This weekend, I was shocked to learn about the Guinness World Records’ decision to not recognise nurse Jessica Anderson’s achievement of beating the current world record of fastest marathon time for a woman wearing a nurse’s uniform. Jessica (@Janderzzz) completed the marathon in three hours, eight minutes and 32 seconds, beating the current record by 22 seconds. So why was this outstanding achievement not recognised?
Despite completing the marathon in her actual nursing uniform – scrubs, which many nurses across the globe wear in their role as a nurse – this did not meet Guinness World Records’ inclusion criteria for the record. Their response to Jessica when she informed them she was taking part in the marathon and would be wearing her nursing uniform was: “For the purposes of this record, the nurse’s uniform must include: a blue or white nurse dress, a white pinafore apron, a traditional white nurse’s cap. Tights are optional.”
Well, to me this sounds like an archaic and frankly sexist view of a nurse. Also, the inclusion criteria seem to describe a nursing “costume”, not a nursing “uniform”, which is after all the award title. Their view of nursing does not reflect the role of the modern nurse.
In response, the Student Nurse Project started an online Twitter campaign #WhatNursesWear, calling for the nursing community to share pictures of what they wear to carry out their role as a nurse. The aim: to show solidarity with Jessica, to urge Guinness World Records to rethink their decision not to recognise her achievement and review their inclusion criteria, and to challenge archaic and sexist views held about what a modern nurse looks like.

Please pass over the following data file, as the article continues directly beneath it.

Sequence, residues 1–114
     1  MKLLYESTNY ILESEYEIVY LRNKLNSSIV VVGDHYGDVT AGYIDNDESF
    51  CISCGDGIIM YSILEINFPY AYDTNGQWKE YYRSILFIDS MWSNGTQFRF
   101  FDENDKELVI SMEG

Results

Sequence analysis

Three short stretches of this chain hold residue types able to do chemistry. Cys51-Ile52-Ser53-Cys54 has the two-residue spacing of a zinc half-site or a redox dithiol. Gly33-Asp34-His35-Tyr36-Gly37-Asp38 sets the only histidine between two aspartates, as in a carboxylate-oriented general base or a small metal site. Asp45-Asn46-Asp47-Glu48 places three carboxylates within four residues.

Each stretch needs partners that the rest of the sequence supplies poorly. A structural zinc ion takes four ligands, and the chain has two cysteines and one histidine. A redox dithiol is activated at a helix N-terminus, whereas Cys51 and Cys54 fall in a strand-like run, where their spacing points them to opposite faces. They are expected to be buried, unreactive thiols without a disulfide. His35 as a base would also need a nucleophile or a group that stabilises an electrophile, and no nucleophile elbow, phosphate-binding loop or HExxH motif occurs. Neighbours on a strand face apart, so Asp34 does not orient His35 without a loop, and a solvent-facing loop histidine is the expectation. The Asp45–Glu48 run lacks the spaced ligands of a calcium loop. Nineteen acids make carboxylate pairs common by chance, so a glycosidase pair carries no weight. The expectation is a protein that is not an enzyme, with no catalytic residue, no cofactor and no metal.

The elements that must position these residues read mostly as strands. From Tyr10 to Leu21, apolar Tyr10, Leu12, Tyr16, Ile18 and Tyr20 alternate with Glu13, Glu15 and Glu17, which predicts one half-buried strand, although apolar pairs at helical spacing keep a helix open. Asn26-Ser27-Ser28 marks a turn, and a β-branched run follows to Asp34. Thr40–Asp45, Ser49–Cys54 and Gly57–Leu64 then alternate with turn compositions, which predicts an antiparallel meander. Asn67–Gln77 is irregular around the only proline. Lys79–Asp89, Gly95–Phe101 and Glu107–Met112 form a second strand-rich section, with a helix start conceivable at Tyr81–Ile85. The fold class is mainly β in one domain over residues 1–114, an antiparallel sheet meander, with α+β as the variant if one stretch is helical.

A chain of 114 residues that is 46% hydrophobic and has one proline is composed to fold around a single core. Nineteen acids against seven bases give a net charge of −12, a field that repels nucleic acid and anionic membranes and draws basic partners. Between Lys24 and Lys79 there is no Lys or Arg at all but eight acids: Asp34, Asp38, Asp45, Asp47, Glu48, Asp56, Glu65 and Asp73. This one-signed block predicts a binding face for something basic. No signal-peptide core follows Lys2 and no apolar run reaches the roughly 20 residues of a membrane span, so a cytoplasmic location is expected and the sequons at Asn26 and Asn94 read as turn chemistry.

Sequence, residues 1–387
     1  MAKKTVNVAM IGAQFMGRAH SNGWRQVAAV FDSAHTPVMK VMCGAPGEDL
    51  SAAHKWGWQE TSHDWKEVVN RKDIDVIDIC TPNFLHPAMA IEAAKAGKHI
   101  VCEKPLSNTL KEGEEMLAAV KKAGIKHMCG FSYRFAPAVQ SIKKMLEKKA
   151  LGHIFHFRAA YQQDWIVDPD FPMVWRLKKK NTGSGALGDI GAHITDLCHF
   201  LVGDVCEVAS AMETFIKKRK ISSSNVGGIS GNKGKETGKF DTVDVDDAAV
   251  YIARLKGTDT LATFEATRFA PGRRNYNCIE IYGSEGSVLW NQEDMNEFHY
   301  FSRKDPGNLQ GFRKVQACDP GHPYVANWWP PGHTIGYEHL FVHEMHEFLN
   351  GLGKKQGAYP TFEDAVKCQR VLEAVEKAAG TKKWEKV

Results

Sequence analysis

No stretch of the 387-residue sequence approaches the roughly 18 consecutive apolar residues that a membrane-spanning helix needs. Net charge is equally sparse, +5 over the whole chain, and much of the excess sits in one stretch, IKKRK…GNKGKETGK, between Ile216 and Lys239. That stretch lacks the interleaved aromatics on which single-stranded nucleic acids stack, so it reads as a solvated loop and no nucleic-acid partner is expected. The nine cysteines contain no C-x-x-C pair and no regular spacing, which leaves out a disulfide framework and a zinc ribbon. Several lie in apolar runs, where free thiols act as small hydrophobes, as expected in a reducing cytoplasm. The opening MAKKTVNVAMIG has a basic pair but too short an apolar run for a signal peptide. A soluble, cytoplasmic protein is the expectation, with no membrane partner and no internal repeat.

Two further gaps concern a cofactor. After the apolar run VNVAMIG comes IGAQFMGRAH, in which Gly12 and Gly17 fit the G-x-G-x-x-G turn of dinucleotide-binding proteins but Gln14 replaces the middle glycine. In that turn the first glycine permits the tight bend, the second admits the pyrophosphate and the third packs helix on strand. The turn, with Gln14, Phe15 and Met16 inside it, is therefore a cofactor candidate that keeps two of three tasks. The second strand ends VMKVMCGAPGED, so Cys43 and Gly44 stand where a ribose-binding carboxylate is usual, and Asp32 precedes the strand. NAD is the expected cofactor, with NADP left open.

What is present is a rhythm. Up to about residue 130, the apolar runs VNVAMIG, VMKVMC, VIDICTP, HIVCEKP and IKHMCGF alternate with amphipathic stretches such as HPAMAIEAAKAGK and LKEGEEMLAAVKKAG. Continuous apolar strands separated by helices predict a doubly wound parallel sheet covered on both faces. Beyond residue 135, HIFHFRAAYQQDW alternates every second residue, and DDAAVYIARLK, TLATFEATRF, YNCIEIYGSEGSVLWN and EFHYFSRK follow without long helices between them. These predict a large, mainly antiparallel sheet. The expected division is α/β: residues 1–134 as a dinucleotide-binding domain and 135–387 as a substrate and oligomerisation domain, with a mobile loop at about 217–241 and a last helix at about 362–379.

We were overwhelmed by the response to the campaign. Twitter was flooded with images of the nursing community, highlighting what they wear to carry out their daily nursing roles. The campaign showcased the nursing community at its finest; coming together and uniting with one voice.
Subsequently, in the late hours of Saturday, Guinness World Records released the following statement:
While this is encouraging, we hope that Guinness World Records review more than just the “record title”. We urge them to work with the nursing community in their review to establish what it is a modern nurse looks like.
And that is the purpose of this Tweetchat…
The discussion over the past weekend has stimulated much discussion about nursing uniforms and public perceptions of nursing. Does the public still view nurses through the lens of the Guinness World Records outdated criteria? How can we change this, as it does not reflect modern nurses, or do these views need to be changed? Does what we wear as nurses matter to the public and does it matter to us a profession?
Ultimately, should what we wear define us as nurses?
Does wearing a uniform give us a sense of professional identity? Are there roles where wearing a uniform is not appropriate, and if so, does this hinder their sense of professional identity? Are there times when a uniform is required for moving and handling and infection control purposes?
Three of the four UK countries, Scotland Wales and Northern Ireland, have a national gender-neutral nursing uniform. At the Royal College of Nursing Congress this year the topic of a national nursing uniform in England will be debated. Can having a gender-neutral uniform help to challenge the archaic, sexist view of nursing?
We look forward to hearing your opinions on this matter and hope you continue to share your pictures online showcasing #WhatNursesWear.
If you wish to contribute to Jessica Anderson’s London Marathon Just Giving page where she is raising money for Barts Charity, you can do so at the link below:
Written by Craig Davidson, third year Adult Nursing Student at Glasgow Caledonian University (@CraigDavidson85 on Twitter)